지금 Current 2022: The Next Generation of Kafka Summit에 등록해서 데이터 스트리밍의 미래를 라이브로 확인해 보세요!
In Q1, Confluent conducted a survey of the Apache Kafka® community and those using streaming platforms to learn about their application of streaming data. This is our second execution of this survey, so we do have some year over year information. With respondents from over 350 organizations across 47 countries, we’re feeling like this is a solid representation of where streaming data is today, and can be a valuable benchmark for understanding change in the data infrastructure market.
This blog introduces some key findings, or you can download the full report here.
What will be no surprise to those who are active in the Kafka community: 86% of respondents are increasing their Kafka use, and 20% by a lot. At Confluent, we see this traction at conferences, meet-ups, in our Slack community, activity volume in online communities, and just the general excitement and stories when Kafka people get together. It’s hard to put your finger on that one thing that says a technology is creating a movement; it sure seems like that’s what’s happening here.
It would be impossible for a trend with this growth to occur without making contact with the other huge trend in data infrastructure – the cloud! The survey indicates large organizations are moving to the public cloud with their Kafka clusters. In fact, over half of the survey respondents are using Kafka in the public cloud. Kafka can be used as a pipe to help companies move their data from on-premises systems to the cloud of their choice, eliminating vendor lock-in and assisting with the large amount of effort and coordination it takes to make that shift.
We’re also seeing companies use Kafka for far more than publish-subscribe. The use cases for Kafka have grown to include microservices, IoT, and monitoring to name a few dramatic increases from the previous year. From those surveyed, two-thirds (66%) use Kafka for stream processing and three out of five (60%) use it for data integration. The most common use case for Kafka is data pipelines (81%), while half (50%) are already using it for microservices. As companies are adopting microservices for their distributed architectures, Kafka is here to help.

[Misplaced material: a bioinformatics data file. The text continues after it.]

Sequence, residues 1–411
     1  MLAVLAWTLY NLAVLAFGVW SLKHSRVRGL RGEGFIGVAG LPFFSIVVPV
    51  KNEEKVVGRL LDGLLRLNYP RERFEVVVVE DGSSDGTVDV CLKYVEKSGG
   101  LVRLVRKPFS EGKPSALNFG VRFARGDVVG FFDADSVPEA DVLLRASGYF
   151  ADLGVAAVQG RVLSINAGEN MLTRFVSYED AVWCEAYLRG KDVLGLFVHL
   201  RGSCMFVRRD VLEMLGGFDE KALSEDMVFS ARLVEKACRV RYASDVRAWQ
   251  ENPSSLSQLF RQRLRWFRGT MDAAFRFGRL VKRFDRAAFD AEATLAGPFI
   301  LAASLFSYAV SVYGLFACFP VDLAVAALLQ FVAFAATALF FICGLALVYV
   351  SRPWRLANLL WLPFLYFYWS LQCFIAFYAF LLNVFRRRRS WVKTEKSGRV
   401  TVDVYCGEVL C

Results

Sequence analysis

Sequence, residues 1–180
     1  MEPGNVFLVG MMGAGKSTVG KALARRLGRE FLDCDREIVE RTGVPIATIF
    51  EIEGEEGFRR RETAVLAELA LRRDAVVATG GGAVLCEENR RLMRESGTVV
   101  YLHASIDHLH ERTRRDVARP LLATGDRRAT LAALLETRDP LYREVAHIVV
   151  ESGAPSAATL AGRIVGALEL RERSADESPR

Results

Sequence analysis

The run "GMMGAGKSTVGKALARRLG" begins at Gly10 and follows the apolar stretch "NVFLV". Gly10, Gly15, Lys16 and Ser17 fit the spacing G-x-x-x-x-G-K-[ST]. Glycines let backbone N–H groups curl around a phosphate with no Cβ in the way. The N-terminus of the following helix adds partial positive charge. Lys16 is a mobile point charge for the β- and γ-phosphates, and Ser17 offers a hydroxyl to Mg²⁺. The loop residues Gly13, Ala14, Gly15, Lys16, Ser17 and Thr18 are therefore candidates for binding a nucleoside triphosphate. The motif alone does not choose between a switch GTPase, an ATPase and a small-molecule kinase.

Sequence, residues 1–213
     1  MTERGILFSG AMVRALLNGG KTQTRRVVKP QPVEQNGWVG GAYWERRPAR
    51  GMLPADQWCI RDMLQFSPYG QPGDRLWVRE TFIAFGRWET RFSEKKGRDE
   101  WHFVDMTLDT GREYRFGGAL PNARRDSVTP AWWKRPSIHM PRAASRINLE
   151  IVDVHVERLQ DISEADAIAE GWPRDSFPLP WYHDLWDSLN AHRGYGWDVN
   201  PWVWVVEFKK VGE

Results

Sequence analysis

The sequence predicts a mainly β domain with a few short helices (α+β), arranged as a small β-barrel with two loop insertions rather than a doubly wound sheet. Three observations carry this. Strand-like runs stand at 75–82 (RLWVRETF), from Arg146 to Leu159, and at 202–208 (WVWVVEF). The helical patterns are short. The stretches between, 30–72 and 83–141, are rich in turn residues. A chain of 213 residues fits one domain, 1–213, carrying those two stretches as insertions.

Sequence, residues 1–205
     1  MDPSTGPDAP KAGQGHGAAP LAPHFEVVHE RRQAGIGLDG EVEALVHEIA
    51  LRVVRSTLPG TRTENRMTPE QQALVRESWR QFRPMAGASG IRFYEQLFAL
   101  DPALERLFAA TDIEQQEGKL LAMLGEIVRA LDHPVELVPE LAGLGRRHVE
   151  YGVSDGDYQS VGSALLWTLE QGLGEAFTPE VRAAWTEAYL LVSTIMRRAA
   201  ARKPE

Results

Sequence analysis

Helpful tip: If you’re looking into microservices and want some general best practices, check out our resident expert Ben Stopford’s 3-part series here.
If you’re using microservices to build applications, it is made much easier with the Kafka Streams API as developers have the ability to work with data in-flight. Of the organizations that have microservices, already 28% use the Kafka Streams API to build them. The Kafka Streams API is most frequently utilized by developers (85%), but architects (48%) and application teams (43%) also use it. Introduced last year, the Kafka Streams API integrates into your streaming application to build and execute powerful stream processing functions, without needing to set up and run separate infrastructure. Despite its recency, most (89%) organizations are already familiar with the Kafka Streams API. The most common uses for the Kafka Streams API are ETL (40%), building core business applications (32%), and asynchronous applications (25%).
With the growing adoption of Kafka, one conclusion worth noting is the lack of ability to hire Kafka talent. While we think Kafka engineers are generally pretty smart ( 🙂 ) turns out they’re also hard to hire. 75% of respondents said they are having difficulty finding Kafka trained engineers. We recently introduced a Kafka certification to help with that problem and also offer training to help developers get up to speed on all things Kafka.
With these results and the growing use of Kafka and streaming platforms, we’re even more excited about Kafka Summit coming up next week. It’s the best place to learn from companies large and small doing some incredible work with Kafka. It’s not too late to register! We hope to see you there.